$500 to $620 Billion Could Be Saved by Modernizing Medicare and Medicaid

February 03, 2017

A recent report from UnitedHealth Group finds that $500 billion to $620 billion could be saved by modernizing Medicare and Medicaid. The report highlights the 10-year projected federal savings, for fiscal years 2017 through 2026, for the following initiatives:

Modernize Original Medicare for Non-Dual Fee-for-Service (FFS) Beneficiaries

Original Medicare can be significantly improved to deliver quality care and better value through the infusion of value-based care management programs, greater empowerment of beneficiaries, and improved infrastructure. Modernizing Original Medicare to address the key challenges facing the program requires advancing and scaling best practices, fostering innovation, and aligning incentives to ensure beneficiaries receive high-quality care and an improved consumer experience.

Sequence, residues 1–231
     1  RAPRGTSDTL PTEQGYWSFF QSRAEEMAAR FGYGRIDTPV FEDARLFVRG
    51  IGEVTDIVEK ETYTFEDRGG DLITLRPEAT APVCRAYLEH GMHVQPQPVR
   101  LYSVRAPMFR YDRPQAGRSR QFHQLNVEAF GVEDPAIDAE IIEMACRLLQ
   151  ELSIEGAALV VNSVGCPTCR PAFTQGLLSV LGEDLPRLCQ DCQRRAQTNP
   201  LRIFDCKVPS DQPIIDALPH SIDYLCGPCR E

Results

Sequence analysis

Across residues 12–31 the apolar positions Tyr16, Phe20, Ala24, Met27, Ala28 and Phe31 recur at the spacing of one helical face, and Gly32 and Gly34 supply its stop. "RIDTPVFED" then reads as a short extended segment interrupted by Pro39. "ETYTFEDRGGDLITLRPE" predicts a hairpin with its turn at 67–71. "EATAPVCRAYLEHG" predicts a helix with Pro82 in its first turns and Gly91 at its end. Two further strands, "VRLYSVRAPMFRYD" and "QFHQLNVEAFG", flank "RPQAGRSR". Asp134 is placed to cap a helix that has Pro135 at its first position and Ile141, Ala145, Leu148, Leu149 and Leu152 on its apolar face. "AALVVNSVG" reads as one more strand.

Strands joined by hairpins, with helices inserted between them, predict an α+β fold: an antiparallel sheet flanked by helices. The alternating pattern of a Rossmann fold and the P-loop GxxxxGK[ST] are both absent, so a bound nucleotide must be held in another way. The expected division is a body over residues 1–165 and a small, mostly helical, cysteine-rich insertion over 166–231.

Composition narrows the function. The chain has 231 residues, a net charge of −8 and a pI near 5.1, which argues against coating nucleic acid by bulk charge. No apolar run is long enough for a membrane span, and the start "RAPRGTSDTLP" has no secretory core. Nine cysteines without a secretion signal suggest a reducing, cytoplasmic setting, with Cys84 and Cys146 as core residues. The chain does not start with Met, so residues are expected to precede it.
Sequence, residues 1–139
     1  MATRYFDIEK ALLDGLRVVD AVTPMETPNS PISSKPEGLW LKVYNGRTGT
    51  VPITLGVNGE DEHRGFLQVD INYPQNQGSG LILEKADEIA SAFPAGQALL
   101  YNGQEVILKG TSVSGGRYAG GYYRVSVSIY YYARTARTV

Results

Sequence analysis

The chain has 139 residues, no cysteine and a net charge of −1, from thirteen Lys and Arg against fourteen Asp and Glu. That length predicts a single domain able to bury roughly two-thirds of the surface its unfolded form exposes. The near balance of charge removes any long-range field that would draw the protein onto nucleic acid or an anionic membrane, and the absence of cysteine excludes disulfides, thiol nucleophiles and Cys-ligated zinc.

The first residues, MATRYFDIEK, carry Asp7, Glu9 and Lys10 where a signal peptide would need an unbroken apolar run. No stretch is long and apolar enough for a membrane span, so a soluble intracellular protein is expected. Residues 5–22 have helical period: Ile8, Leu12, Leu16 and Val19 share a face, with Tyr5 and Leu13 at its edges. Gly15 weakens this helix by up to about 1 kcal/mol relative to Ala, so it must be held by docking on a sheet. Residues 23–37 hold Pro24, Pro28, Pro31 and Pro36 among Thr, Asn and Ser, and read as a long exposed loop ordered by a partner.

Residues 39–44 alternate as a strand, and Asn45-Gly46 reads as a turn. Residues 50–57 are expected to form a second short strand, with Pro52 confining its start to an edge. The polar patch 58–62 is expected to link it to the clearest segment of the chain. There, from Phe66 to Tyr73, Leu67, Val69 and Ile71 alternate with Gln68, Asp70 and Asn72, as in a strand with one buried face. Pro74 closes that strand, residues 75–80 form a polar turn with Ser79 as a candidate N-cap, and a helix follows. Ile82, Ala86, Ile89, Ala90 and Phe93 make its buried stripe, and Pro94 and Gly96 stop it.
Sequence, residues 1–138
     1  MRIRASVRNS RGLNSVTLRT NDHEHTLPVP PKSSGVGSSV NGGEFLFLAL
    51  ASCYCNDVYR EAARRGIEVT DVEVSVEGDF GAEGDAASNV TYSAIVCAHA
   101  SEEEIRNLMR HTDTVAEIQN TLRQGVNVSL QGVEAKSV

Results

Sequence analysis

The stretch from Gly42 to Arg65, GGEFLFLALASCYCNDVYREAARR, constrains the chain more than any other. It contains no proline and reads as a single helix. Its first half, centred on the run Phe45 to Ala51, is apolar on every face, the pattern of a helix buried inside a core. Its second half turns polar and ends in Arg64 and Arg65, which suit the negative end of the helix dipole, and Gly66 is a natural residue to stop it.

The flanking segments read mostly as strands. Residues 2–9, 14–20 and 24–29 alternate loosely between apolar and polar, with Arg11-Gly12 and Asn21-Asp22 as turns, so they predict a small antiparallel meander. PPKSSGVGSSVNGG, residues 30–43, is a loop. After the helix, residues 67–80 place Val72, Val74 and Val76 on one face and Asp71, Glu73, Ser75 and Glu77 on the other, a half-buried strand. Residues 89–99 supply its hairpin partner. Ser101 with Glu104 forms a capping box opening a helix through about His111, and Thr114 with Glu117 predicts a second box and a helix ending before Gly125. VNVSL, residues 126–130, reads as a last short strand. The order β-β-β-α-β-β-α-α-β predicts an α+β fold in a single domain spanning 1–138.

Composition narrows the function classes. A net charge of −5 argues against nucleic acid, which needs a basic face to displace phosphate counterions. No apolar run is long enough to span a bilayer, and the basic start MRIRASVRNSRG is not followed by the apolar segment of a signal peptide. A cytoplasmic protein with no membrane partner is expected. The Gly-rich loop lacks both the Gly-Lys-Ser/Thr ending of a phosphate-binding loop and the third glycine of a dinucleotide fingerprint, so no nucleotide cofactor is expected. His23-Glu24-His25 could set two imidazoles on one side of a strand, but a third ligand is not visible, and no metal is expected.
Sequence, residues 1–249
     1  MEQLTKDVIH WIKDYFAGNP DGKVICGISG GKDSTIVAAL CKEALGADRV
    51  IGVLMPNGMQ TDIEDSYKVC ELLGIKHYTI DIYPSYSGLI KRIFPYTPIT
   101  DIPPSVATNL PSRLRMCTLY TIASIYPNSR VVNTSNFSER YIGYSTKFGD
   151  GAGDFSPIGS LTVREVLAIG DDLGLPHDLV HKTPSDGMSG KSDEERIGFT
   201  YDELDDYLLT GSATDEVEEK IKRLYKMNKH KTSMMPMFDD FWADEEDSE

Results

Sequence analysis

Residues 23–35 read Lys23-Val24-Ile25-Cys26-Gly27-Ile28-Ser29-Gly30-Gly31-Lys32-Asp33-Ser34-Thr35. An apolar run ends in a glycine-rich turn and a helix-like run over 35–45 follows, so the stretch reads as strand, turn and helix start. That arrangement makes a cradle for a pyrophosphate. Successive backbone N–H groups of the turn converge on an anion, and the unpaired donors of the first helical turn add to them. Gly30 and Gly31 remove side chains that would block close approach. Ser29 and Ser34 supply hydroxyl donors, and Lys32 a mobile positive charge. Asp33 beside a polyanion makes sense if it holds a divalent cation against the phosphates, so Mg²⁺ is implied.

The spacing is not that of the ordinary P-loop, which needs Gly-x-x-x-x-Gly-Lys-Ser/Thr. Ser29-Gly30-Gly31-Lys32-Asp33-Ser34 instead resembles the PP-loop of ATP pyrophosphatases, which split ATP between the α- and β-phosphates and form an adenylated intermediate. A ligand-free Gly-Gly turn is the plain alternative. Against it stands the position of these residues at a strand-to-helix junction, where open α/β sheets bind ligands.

• Potential savings: $377 billion - $468 billion

Enroll Dual-Eligible Beneficiaries in Managed Care Plans That Integrate Their Medicare and Medicaid Benefits

Under a modernized approach to serving dual eligibles, health plans would provide combined Medicare and Medicaid benefits, including all acute and long-term care services, thereby addressing the full range of duals’ complex care needs.

  • Potential savings: $82 billion - $101 billion

Enroll the 15 Percent of Non-Dual Medicaid Beneficiaries Currently in FFS Into Managed Care Plans

In a modernized approach to delivering Medicaid services, states would achieve savings and improve care through continuing and expanding their partnerships with managed care plans. Health plans have the capacity to address the complex care needs of Medicaid beneficiaries with disabilities, chronic illnesses, and behavioral health conditions.

  • Potential savings: $28 billion - $35 billion

Utilize Predictive Analytics to Reduce Fraud and Increase Payment Accuracy in Both Medicare and Medicaid

Broader application of predictive analytics in the Medicare and Medicaid programs — including the use of tools deployed in the private sector in combination with the public programs’ data resources — would help address unnecessary costs and increased spending in Medicare and Medicaid.

  • Potential savings: $13 billion - $16 billion